Hardy Merriman Calls for Nonviolent Resistance as Method of Change

President of the International Center for Nonviolent Conflict, Hardy Merriman speaks during the Interfaith Lecture Series about “Power From the Bottom Up: Civil Resistance as a Driver of Rights, Freedom, and Justice,” on Tuesday, August 13, 2019 in the Hall of Philosophy.

In his first visit to Chautauqua Institution, Hardy Merriman had something to prove: Nonviolent civil resistance is a more effective sociopolitical strategy than violent insurgence.   

For the sustainability of democracy, for women’s rights, immigrants, labor, minority communities — for all human rights causes — Merriman believes nonviolent resistance is an essential collective tool for any activist.

“There’s clear evidence to show that civil resistance movements have a crucial role to play in advancing peace, democracy, accountability, justice and human rights in the world,” Merriman said.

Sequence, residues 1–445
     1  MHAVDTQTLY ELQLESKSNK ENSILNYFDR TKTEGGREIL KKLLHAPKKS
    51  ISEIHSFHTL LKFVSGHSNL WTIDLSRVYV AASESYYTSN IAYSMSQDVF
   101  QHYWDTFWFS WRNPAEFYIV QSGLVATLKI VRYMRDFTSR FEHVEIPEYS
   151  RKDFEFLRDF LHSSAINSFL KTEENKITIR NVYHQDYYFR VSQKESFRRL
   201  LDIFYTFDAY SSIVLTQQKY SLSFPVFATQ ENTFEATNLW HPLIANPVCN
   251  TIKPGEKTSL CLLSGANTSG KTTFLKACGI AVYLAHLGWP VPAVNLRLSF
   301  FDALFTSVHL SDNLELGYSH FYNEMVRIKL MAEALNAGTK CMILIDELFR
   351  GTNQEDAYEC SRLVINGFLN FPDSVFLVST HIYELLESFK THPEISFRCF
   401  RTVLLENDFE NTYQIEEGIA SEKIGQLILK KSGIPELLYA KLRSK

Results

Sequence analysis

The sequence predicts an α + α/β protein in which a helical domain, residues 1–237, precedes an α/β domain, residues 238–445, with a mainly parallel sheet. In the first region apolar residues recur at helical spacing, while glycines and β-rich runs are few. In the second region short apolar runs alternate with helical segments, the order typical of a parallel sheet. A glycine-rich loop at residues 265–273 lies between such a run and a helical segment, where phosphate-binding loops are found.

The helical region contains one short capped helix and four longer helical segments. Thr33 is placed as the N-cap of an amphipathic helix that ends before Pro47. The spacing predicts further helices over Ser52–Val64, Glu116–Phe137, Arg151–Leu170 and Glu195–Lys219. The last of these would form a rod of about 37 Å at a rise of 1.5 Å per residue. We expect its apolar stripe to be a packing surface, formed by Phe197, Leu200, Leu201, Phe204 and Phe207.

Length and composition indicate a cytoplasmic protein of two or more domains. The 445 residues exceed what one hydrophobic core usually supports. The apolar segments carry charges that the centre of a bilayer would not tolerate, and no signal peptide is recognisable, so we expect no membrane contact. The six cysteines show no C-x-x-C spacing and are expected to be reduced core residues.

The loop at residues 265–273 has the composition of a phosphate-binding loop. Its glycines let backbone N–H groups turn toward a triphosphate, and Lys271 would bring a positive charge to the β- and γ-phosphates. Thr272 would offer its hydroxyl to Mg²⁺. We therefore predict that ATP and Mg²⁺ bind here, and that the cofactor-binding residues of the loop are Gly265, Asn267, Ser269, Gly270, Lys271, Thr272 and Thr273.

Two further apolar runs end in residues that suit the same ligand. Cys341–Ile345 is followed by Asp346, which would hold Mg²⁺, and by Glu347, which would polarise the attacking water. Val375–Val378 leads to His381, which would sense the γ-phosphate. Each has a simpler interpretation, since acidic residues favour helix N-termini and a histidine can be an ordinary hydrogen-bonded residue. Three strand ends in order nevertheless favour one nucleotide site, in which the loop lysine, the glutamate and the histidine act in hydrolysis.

Merriman, president of the International Center on Nonviolent Conflict, delivered his lecture, “Power from the Bottom Up: Civil Resistance as a Driver For Rights, Freedom and Justice,” on Tuesday in the Hall of Philosophy, as part of the Week Eight Interfaith Lecture Series, “The Power of Soft Power.”

Using social science methods and a data set commissioned by the ICNC in 2007, Merriman explored the differences between nonviolent and violent action, the relative effectiveness of those actions and a new conception of what it means to be an “activist.”

To begin, Merriman first described civil resistance movements as having a concerned-citizen structure, one that is based on two types of acts — acts of commission and acts of omission.

“In all these movements, people voluntarily mobilize; no one paid them to mobilize, they weren’t forced,” Merriman said.

That mobilization, Merriman said, can either be predicated on acts of commission — people doing things they are not supposed to do, not expected to do, or forbidden by law from doing — or acts of omission, when people “refuse to do what they were supposed to, expected to do or required by law to do.”